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Managing your cancer care in the context of COVID-19


Managing your cancer care if you test positive to COVID-19 

Updated 21 March 2022

Since the Delta and Omicron variants of COVID-19 started to spread in 2021, Australia has been experiencing higher levels of community transmission of COVID-19. This means many more people are at risk of catching COVID-19. 

Although for many people, the Omicron variant may be less severe than other COVID-19 variants, some people may still be more at risk of severe disease, including those being treated for cancer. This is the reason that many cancer services are assisting patients by arranging testing before attendance and giving information about how to reduce transmission.

It is important that people being treated for cancer who test positive to COVID-19 can make decisions with their treating team about their cancer treatment and COVID-19 care.

This information has been developed to help you make these decisions with your treating team so that you get the best possible outcomes from your cancer treatment if you do test positive to COVID-19. It will help you understand the sorts of things that will need to be taken into account when making decisions about your care. It also explains how you can reduce your risk of getting COVID-19.

Making decisions about your treatment and care if you have COVID-19

Any decisions about your cancer treatment and care should be made by your treating team in consultation with you. (NICE 2021) This includes any proposed changes to your treatment if you test positive for COVID-19.

If you test positive to COVID-19, it is important to let your treating team know as soon as possible, because there are COVID-19 treatments available for immunocompromised people (including those with cancer). These treatments work best when they are given within 5 days after symptoms begin.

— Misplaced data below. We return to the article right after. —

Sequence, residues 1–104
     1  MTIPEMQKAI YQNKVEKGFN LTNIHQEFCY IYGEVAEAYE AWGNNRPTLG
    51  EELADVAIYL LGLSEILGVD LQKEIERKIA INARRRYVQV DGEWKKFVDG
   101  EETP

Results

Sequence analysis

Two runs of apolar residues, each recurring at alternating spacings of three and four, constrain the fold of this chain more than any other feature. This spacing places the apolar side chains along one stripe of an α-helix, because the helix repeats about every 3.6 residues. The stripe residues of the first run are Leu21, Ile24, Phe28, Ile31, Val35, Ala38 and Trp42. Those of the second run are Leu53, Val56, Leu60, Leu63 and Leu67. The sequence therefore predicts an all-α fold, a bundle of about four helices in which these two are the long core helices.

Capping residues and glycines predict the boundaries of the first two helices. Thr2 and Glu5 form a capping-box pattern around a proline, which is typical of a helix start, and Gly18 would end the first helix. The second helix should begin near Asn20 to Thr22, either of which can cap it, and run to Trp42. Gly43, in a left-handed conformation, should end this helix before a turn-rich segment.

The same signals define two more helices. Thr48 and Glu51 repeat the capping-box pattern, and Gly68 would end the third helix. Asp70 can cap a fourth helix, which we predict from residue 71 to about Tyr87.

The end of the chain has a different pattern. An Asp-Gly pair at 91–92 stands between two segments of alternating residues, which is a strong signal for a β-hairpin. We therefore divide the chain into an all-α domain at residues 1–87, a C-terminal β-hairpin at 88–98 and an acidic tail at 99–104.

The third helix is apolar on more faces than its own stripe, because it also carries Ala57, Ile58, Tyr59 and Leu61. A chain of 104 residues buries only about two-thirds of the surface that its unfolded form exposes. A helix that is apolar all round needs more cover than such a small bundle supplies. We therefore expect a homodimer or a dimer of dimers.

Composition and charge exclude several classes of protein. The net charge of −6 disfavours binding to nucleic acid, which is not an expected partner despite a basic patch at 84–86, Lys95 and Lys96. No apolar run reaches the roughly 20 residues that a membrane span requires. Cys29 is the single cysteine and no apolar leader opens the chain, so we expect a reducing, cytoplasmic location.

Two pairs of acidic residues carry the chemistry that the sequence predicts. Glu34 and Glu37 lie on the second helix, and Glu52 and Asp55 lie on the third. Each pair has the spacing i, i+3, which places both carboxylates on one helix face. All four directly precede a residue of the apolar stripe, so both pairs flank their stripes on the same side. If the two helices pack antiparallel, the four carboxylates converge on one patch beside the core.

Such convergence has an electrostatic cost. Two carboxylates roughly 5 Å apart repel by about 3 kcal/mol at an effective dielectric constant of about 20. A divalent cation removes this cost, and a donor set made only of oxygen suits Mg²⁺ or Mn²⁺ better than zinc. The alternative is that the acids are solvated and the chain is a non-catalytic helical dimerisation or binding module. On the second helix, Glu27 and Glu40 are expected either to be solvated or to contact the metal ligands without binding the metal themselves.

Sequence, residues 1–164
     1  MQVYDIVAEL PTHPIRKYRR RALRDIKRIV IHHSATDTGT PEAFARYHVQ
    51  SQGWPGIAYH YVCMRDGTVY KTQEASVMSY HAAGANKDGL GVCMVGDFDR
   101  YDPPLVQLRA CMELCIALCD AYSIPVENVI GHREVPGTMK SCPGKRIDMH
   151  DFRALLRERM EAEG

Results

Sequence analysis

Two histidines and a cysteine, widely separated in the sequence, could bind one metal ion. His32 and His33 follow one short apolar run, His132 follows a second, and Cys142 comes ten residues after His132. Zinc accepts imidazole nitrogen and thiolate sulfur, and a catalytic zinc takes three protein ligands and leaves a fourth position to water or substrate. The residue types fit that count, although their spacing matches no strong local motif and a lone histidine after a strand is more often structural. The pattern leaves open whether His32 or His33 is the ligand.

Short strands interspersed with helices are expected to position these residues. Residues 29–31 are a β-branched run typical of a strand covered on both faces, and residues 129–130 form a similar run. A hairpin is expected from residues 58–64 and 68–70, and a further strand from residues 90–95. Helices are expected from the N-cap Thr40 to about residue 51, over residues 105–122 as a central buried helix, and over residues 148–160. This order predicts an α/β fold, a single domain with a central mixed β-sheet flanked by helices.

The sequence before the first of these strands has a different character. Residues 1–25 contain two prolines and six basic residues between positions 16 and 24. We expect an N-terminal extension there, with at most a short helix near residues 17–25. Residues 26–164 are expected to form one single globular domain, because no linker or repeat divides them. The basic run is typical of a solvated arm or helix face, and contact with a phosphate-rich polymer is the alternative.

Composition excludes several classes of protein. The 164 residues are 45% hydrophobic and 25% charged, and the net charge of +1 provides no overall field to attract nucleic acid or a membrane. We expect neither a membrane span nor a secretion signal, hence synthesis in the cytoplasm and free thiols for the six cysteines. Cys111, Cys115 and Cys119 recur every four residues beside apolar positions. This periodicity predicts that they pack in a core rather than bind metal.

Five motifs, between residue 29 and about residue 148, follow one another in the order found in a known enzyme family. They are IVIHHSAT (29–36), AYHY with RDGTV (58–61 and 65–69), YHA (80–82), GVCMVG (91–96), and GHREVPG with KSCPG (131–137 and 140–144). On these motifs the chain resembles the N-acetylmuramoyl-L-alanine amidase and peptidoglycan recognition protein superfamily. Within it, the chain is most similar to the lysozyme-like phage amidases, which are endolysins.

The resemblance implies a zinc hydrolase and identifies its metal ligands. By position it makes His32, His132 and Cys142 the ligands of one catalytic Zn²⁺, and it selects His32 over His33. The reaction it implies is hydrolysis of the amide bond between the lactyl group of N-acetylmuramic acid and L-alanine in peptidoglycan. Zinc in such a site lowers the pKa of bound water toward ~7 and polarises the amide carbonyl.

If you have symptoms that could be side-effects of your cancer treatment, such as a fever, it is important that you contact your treating team so they can check whether these are related to your cancer treatment or other infection. Do not assume that the symptoms are related to COVID-19 until you have been assessed.

If you test positive to COVID-19, your treating team will consider a number of factors to help them decide if your cancer treatment should be interrupted or changed, and how your COVID-19 care should be managed. These may include the following things:

  • Whether your COVID-19 symptoms are mild or severe
  • Your vaccine status – how many vaccinations you have had and how long it is since your last vaccination
  • How suppressed (low) your immune system is
  • The type of cancer treatment you are having
    • Some studies show that chemotherapy may be associated with worse outcomes from COVID-19 infection than some other treatments, such as immunotherapy and hormone-blocking (endocrine) therapy.
  • The stage of cancer you have and where you are in your treatment regimen
  • Other underlying health conditions you may have, such as diabetes and high blood pressure.

If your treating team is considering interrupting your cancer treatment, or changing the way it is delivered to you, they will talk to you about any potential risks of a treatment delay versus the risks of continuing treatment while unwell with COVID-19. They will also consider the potential risk to other patients and clinic/hospital staff if you stay on schedule and continue treatment at a medical facility while unwell.